Adding Fuel to the Wi-Fire: What is the Nexus between Social Media, Emerging Technologies and Digital Radicalization?
There’s little doubt that the technological revolution currently underway, not to mention many of its social media byproducts—Facebook, Google, and Twitter to name just a few—has transformed modern life for the better. But in an age of proliferating data, smart phones and internet literacy, extremist messaging can reach more susceptible and receptive audiences than any time in the past. The next chapter of global jihad will assuredly see more “digital natives” in positions of authority, eager to take advantage of the proliferating modes of global communication.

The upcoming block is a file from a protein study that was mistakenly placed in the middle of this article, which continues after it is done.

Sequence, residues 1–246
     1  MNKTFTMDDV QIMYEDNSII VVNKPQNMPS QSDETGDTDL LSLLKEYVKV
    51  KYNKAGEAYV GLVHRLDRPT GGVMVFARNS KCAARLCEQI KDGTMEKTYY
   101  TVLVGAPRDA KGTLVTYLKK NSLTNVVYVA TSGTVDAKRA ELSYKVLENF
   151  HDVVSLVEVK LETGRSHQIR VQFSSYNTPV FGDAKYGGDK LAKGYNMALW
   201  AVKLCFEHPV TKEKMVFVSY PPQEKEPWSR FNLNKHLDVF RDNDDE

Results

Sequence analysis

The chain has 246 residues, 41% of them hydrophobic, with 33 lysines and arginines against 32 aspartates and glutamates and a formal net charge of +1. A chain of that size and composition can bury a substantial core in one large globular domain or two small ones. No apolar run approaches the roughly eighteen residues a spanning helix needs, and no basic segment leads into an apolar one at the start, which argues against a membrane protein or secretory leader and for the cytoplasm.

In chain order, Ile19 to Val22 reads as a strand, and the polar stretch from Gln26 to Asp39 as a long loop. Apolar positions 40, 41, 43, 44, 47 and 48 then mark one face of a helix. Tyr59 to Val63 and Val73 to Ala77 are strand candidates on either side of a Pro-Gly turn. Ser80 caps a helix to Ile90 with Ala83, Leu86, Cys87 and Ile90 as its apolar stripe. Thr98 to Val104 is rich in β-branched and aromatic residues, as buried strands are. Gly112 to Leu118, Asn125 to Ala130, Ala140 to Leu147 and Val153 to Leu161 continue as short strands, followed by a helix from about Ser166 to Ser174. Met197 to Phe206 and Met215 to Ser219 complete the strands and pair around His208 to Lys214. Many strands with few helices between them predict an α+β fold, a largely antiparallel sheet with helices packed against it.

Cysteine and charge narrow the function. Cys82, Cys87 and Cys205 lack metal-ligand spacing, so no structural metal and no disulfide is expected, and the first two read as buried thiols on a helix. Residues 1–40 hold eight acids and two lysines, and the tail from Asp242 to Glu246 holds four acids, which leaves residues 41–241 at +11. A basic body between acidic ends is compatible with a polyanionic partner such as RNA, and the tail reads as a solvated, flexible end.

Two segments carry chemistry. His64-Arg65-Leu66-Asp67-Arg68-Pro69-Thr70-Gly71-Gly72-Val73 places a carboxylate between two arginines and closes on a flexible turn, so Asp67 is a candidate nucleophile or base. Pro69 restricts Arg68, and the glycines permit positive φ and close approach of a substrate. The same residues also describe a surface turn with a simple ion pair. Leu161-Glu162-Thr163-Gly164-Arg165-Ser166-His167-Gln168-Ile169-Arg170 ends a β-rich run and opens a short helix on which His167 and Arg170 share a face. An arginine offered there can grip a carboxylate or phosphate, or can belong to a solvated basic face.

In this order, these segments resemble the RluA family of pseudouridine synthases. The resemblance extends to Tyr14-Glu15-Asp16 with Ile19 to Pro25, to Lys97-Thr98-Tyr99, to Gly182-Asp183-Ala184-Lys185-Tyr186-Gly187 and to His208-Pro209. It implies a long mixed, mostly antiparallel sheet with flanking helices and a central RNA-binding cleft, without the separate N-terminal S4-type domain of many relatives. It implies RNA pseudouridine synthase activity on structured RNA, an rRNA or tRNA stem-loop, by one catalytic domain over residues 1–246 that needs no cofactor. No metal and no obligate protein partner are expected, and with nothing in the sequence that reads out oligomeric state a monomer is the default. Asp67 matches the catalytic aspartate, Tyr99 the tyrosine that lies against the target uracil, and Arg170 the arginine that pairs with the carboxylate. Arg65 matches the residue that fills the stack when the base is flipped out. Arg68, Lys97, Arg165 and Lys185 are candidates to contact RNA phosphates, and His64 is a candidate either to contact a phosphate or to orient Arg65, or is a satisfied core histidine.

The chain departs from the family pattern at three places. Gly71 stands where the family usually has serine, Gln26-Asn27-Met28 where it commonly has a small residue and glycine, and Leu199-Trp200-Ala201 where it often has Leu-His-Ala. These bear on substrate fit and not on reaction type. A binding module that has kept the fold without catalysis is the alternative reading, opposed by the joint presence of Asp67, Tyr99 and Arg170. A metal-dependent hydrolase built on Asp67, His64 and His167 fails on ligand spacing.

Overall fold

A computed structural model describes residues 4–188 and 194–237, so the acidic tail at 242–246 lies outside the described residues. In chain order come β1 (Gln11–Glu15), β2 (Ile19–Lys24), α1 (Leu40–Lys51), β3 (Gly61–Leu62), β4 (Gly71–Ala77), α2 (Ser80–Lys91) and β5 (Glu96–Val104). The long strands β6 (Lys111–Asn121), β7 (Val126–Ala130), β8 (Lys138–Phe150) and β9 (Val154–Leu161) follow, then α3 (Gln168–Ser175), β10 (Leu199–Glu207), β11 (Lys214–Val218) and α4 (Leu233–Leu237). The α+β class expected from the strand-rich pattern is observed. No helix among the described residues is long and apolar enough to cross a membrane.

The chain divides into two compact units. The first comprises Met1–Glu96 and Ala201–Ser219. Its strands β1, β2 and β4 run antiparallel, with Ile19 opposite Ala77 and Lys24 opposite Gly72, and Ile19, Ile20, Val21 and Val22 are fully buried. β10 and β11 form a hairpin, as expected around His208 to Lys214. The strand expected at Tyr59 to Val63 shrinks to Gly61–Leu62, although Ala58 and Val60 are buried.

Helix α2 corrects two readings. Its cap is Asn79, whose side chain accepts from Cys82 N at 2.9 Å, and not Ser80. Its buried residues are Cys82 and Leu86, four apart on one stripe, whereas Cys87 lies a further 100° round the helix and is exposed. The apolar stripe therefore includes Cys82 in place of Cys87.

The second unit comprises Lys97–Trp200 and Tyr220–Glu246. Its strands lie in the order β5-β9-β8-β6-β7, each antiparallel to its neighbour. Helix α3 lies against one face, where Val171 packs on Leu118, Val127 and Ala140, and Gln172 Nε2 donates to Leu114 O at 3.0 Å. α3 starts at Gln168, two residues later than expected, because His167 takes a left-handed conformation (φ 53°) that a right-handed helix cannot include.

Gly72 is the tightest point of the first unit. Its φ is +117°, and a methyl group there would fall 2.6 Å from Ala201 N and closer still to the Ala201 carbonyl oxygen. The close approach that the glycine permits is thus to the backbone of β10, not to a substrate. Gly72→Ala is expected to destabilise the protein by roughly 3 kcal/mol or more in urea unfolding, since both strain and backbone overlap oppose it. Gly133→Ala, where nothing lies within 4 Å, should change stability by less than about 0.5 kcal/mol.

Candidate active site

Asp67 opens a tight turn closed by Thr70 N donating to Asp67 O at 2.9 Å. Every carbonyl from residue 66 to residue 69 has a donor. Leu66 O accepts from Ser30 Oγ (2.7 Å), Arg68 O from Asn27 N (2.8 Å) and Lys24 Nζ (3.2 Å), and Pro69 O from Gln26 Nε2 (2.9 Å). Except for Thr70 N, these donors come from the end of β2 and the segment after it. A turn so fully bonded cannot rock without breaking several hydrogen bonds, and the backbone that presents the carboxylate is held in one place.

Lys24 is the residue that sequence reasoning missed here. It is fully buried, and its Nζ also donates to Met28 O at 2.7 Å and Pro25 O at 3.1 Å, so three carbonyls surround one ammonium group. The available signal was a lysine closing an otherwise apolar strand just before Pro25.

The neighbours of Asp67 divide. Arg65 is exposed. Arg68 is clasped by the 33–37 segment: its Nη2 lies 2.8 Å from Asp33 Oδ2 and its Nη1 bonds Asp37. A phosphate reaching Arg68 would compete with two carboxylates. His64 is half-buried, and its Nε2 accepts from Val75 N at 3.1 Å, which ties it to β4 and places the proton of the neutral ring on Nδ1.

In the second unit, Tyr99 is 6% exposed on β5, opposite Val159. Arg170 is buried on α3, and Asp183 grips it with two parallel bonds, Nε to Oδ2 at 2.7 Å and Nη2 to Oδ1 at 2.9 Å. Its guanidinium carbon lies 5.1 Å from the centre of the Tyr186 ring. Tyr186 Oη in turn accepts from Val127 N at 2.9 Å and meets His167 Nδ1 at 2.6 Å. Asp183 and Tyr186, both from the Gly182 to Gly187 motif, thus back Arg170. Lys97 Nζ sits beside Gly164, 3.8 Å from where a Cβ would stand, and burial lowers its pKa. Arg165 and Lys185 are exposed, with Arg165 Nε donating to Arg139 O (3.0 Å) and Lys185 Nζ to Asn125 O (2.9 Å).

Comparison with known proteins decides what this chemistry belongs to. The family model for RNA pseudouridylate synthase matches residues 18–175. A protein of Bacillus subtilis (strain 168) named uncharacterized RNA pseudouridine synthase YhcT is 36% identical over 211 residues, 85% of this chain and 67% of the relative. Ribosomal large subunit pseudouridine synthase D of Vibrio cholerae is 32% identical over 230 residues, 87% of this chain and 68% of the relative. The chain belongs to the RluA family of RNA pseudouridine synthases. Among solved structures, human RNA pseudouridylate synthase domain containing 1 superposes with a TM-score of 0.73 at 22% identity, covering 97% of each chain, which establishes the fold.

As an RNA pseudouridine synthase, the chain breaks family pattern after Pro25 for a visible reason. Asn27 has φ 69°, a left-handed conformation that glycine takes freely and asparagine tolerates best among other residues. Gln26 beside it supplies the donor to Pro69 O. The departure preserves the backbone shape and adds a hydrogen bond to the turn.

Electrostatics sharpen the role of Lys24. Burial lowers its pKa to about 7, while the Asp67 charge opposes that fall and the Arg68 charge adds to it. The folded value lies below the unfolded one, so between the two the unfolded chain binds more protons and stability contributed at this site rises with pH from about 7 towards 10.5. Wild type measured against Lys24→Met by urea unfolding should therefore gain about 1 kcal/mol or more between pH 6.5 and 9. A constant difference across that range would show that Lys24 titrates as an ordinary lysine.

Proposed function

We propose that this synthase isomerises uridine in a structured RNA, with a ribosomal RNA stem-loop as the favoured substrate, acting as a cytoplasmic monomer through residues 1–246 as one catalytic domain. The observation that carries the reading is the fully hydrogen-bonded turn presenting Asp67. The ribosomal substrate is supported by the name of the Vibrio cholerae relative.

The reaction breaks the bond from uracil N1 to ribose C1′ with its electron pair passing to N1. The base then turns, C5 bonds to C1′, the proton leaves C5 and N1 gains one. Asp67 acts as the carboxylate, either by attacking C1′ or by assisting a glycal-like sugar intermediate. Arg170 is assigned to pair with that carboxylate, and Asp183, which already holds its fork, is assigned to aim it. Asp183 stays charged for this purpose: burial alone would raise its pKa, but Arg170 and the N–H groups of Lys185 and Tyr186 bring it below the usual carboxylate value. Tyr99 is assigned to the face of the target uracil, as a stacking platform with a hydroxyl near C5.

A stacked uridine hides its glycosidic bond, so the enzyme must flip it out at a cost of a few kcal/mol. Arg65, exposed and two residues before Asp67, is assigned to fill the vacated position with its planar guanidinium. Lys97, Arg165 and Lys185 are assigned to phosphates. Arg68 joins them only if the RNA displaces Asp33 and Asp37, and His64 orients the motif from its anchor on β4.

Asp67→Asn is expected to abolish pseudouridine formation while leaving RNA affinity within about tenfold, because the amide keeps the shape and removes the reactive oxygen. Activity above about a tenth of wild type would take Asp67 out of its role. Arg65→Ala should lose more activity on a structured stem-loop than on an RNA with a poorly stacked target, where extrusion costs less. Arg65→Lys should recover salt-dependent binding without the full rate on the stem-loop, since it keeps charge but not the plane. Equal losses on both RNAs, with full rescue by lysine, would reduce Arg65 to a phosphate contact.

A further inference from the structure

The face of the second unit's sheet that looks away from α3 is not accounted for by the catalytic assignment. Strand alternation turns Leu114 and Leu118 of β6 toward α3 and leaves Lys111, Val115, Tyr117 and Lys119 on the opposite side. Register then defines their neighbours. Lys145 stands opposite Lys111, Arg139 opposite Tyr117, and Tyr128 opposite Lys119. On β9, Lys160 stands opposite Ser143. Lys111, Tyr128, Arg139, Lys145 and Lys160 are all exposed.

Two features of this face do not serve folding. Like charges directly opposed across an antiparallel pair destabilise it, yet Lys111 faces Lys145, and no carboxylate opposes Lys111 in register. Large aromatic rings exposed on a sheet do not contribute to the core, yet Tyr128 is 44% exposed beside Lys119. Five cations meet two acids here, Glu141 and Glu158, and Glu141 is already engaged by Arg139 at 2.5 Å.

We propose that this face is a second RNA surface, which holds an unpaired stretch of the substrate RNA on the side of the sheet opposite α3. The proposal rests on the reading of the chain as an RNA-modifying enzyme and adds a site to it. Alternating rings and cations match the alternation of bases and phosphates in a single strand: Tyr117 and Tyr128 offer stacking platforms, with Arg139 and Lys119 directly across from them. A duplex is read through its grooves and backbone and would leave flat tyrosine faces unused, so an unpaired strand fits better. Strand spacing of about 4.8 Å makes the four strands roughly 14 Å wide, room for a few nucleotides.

On July 17, the 21st Century Defense Initiative at Brookings hosted technologist and Wired editor at large Ben Hammersley. One of the world’s most original thinkers on technology trends, Hammersley’s work has crossed war correspondence and technological innovation, reporting from war zones that range from Afghanistan to Mindanao, while also writing on key technology developments, including first coining the term “podcasting.” Hammersly discussed the security implications that new online technologies pose as well as offered his thoughts on the role of government in countering extremism in the digital age.
Senior Fellow Peter W. Singer, director of the 21st Century Defense Initiative at Brookings, provided introductory remarks and moderated the discussion.
[Trump has] given Iran the moral high ground and that is an exceptionally difficult thing to do given the history and reality of Iran's misdeeds at home and in the region. It's just malpractice on the part of an American president.